While GTS is dangerous to all, it is particularly hazardous to children. A child’s brain is particularly susceptible to nicotine absorption. As Neal Benowitz, Professor of Medicine, Psychiatry and Biopharmaceutical Sciences, explains “numerous animal studies have shown that administration of nicotine during childhood and adolescence produces long-lasting changes in brain structure and function, as well as behavioural changes, that are not seen when nicotine is administered to adults. Thus the brain of a child or adolescent is particularly vulnerable to long-lasting adverse neurobehavioral effects of nicotine exposure.”

The Malawian government’s continued prioritisation of foreign currency earnings over its commitment to abolishing child labour has serious repercussions. Not only does the government’s leniency directly contradict its commitment to the MDGs, but it also imperils the health of child workers. Abolishing child labour in Malawi will only be achieved through a multilateral commitment that includes the government, the growers and the purchasers of Malawi’s tobacco.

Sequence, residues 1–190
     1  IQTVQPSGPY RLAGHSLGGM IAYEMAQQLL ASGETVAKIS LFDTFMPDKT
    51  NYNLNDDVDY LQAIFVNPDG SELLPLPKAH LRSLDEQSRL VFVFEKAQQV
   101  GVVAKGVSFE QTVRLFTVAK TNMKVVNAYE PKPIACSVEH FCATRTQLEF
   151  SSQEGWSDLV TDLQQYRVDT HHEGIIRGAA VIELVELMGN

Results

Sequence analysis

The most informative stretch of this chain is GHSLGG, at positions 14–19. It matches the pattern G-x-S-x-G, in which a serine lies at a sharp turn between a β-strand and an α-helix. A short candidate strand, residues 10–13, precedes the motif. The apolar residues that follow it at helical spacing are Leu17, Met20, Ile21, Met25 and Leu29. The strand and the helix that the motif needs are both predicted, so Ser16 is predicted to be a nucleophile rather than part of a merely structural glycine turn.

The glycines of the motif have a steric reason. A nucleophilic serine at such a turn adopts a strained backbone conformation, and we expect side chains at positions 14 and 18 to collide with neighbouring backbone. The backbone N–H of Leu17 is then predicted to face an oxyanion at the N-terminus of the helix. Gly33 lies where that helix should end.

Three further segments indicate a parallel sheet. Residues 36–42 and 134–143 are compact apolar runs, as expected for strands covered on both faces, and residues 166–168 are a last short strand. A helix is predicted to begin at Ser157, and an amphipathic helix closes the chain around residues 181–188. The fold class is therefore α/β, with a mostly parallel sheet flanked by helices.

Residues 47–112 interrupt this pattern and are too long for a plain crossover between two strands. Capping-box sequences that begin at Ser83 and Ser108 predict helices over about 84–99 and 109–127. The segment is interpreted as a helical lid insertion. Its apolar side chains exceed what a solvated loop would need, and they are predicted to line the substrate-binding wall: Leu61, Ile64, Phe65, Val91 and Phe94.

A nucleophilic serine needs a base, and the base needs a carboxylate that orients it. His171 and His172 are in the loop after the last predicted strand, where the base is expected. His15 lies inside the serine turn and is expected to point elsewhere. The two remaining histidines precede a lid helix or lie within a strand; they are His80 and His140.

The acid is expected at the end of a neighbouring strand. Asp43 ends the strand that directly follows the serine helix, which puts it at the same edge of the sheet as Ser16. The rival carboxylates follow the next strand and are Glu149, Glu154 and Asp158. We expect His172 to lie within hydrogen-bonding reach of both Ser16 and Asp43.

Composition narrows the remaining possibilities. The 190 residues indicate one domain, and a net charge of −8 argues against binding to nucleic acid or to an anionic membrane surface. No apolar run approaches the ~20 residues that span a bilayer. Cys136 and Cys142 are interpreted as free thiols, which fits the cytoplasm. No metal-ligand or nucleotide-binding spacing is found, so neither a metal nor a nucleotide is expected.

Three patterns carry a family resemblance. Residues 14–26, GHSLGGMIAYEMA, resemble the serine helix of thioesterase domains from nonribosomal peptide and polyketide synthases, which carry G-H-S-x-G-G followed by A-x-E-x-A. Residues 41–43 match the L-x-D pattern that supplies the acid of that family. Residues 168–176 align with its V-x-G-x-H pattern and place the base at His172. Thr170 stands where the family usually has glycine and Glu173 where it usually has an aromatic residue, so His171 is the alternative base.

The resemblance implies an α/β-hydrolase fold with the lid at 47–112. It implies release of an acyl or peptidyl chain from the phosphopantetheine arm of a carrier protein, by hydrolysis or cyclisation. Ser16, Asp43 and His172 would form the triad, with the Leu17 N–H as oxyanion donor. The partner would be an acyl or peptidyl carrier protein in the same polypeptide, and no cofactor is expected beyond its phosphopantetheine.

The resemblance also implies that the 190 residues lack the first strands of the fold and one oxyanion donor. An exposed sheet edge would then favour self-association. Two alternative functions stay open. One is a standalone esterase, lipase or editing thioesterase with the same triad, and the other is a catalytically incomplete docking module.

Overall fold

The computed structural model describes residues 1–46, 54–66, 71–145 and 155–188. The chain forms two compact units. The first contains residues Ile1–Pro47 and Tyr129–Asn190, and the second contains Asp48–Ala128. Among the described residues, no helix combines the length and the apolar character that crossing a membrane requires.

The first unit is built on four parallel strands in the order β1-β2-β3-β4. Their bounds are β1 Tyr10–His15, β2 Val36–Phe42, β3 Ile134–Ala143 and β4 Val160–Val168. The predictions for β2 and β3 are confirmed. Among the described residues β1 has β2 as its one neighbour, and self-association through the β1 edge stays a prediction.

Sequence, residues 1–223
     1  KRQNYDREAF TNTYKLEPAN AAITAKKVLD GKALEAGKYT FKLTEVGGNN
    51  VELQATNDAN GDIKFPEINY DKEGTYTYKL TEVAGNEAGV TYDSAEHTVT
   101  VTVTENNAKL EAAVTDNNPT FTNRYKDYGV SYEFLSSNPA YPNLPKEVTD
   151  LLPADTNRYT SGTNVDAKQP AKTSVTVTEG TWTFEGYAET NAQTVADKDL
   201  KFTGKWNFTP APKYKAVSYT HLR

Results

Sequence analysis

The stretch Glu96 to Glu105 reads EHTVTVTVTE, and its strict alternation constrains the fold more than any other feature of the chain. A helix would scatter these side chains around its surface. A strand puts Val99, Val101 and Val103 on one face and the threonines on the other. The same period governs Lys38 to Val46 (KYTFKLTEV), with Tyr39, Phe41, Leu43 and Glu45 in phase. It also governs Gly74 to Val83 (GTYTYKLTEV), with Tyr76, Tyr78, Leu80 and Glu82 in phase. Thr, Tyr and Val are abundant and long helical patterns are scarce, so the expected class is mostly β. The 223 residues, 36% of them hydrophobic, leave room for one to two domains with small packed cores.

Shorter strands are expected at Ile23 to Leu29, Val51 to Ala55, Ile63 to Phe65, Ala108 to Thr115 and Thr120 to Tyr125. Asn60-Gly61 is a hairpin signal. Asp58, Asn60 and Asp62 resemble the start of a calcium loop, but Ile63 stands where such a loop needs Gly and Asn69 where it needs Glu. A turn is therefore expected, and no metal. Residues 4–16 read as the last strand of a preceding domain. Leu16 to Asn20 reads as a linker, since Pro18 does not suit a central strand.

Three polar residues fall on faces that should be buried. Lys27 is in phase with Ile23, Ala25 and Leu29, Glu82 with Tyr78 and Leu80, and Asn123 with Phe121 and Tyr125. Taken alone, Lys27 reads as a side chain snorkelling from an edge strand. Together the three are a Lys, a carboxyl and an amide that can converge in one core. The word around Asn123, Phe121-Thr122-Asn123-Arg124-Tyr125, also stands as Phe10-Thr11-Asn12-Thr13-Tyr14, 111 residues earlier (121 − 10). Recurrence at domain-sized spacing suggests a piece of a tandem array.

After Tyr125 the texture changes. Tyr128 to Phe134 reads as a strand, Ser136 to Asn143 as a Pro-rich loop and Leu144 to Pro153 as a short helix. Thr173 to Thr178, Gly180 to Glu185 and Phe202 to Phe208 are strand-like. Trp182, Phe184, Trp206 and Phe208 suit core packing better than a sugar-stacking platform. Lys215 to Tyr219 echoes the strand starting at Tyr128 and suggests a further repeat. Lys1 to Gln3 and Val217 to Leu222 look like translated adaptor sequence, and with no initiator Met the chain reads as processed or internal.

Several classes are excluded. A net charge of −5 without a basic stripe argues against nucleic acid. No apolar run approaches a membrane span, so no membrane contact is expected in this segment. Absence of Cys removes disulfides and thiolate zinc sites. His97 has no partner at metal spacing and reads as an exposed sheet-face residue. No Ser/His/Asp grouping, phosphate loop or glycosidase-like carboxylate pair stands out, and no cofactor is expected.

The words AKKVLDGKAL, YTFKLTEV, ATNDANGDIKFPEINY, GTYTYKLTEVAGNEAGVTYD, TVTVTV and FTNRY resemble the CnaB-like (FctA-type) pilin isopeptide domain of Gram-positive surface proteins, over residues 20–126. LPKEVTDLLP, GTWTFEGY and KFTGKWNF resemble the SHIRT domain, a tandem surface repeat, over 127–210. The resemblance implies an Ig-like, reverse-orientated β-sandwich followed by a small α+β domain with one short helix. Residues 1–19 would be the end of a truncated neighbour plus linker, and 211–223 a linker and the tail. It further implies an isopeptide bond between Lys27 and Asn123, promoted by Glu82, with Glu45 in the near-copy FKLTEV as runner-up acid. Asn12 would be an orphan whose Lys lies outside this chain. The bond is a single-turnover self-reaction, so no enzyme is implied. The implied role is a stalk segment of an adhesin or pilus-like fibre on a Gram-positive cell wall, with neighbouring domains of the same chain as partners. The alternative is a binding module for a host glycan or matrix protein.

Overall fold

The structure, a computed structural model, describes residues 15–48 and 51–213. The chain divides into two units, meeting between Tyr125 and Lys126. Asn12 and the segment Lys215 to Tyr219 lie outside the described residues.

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Pakistan raids shisa

KARACHI: Karachi Municipal Corporation (KMC) has tightened the noose on restaurants serving sheesha, followed by a notification by the home department on Monday.

According to the KMC commissioner, Roshan Ali Sheikh, KMC raided two places, Damascus and Thali Inn, and confiscated 10 sheeshas.